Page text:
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What is Estate Planning?

More Than Just a Will

Estate planning is a process that empowers individuals to prepare for their death or incapacity through a deliberate conversation about the transfer of assets after death and issues surrounding the end-of-life.

The outcome of a comprehensive estate plan should be a clear and unambiguous process for the transfer of assets upon a person’s death, and protection during life for unforeseen disabling medical events. Some of the documents that are often used to accomplish a comprehensive estate plan include:

Estate planning can also impact the amount of federal estate taxes paid so more assets may go to loved ones (and less to the government). When a business is involved, estate planning may also include business succession documents to ensure a non-disruptive transition of ownership.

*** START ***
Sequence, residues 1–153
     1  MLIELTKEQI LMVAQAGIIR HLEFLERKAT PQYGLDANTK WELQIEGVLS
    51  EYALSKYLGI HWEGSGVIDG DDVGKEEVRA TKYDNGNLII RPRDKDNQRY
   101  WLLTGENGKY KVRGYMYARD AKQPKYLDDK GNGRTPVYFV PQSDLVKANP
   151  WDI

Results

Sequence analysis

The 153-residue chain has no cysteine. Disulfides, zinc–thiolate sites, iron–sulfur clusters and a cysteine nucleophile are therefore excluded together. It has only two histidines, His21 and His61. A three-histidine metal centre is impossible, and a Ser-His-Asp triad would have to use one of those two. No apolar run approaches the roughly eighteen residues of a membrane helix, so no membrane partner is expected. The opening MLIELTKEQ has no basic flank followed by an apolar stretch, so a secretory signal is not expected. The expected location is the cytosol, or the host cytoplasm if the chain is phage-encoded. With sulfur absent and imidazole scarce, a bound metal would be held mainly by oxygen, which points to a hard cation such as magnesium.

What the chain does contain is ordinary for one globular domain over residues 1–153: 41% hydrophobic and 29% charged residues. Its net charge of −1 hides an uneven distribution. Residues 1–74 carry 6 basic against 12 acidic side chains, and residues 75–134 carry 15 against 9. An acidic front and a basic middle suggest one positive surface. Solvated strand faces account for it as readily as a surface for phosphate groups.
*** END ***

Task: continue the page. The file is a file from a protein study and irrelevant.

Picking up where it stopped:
A declaration of appointment for a guardian is essential if there are minor children and a useful tool for you as part of end-of-life planning. Such appointment may be included in a will or set out in a separate document.

Trust documents are often prepared either in place of a will or in addition to a will depending on the circumstance.

Other Asset Transfers – Non-Probate Assets

Estate planning also addresses that fact that many assets are not distributed by the terms of a will, but by beneficiary designations made in connection with bank and brokerage accounts, life insurance policies, titled property such as automobiles and boats, and retirement accounts. A review and possible modification of these accounts are a necessarily part of the estate planning process.

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